Decoding the dress codes: every party situation and what you should wear

Leonie Hanne and Tamara Kalinic
Influencers Leonie Hanne and Tamara Kalinic mastered party dressing during the Paris couture shows Credit:  Getty Images

Dress codes can be frustratingly vague. So vague, that one wonders whether the host even has a clue when they write something like ‘smart-casual’ on an invitation.

Worse still are the made-up dress codes, usually a host’s attempt to set themselves apart, but only serves to confuse partygoers who have no idea where to begin with a diktat like ‘winter chic’.

As a result, the “what are you wearing?” text is almost inevitable before any important do - because by dressing as formally (or informally) as our friends, at least we won’t be alone in misinterpreting a theme.

For the more commonly used dress codes, we can at least offer some guidelines. Here, we reveal what to wear for every conceivable festive occasion. 

Smart-casual 

Camila Coelho nailed smart-casual at New York Fashion Week Credit: Getty Images 

This is the dress code we'll all see at least once over the next month. It's also the most annoying. An oxymoron in itself, it always leaves a guest questioning exactly how smart or casual you should be. The answer is: smart, but not too smart. Leave your party dress and skyscraper heels at home. It's fine to come straight from work - and you can even wear jeans or (fashion) trainers, as long as they're balanced out with smarter elements, like a pair of chandelier earrings or a silk top.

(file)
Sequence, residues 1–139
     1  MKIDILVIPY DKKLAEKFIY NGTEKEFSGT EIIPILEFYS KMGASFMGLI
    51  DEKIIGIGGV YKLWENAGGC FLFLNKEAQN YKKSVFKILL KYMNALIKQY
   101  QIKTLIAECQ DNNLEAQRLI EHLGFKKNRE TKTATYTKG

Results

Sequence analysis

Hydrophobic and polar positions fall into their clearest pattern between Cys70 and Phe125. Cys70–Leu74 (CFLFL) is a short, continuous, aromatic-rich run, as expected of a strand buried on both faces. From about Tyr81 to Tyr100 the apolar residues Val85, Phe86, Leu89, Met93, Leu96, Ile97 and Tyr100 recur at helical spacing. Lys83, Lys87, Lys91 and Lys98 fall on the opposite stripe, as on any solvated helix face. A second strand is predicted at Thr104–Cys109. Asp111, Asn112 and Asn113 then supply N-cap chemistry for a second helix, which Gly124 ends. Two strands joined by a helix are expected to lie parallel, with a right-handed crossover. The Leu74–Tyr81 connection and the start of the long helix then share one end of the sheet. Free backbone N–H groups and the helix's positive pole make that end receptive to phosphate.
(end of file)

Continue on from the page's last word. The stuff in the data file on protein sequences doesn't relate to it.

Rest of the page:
Credit: Boden

Satin top, £45, velvet trousers, £110, and jewelled flats, £110, all boden.co.uk

Cocktail

Stylist Anna Rosa Vitiello at Paris Fashion Week Credit: Getty Images

This is the next rung up in the formality stakes. Wear that silk midi dress or velvet suit you've been saving for the right occasion, but don't go too OTT unless you really want to stand out. This is not the right place for head-to-toe sequins. Add heels or some statement jewellery to take your look to the next level. 

Credit: & Other Stories

Satin midi dress, £95, stories.com

Festive

A festive dress code calls for colour and sparkle Credit:  Getty Images

This can go in many different directions, which is reassuring to a certain extent, because there's no right or wrong. The key ingredient is festive spirit: whether that's a cheesy Christmas jumper or a cocktail dress is up to you. Even if your personality is more 'bah humbug' than 'Deck the Halls', show your host you're happy to be there by wearing some colour or sparkle. Velvet will always tick the box, too.

Credit: Ghost

Averie dress, £245, ghost.co.uk

Black tie

Cara Delevingne wore a top hat and tails to Princess Eugenie's wedding Credit: Getty Images

A black tie event is the most formal affair most of us will attend, and a great excuse to pull out all the stops. Dresses can be long or short, and don't have to be black, but they do need to be something special. Go for a standout piece in silk, velvet or chiffon, and carry an evening bag like a clutch or miniaudière. A chic alternative would be a tuxedo or evening trouser suit - take inspiration from Cara Delevingne at Princess Eugenie's wedding.

Credit: Self-Portrait

Floral sequinned midi dress, £380, selfridges.com

White tie

Influencer Caroline Daur at the Paris Fashion Week AMFAR dinner Credit:  Getty Images

White tie is rare, but if you are lucky enough to attend such an event, a long, formal dress is the way to go. Look to the new wave of fashion rental companies for high-octane, glamorous eveningwear that won't do too much damage to your bank balance. National costume is also considered appropriate.

Etiquette bible Debrett's says white gloves are traditionally worn at white tie occasions, but are no longer essential. If you do want to go all-out, wear a sleeveless dress, as white tie gloves typically cover the whole forearm.

Credit: Needle & Thread

Wild Rose ruffle gown, £425, needleandthread.com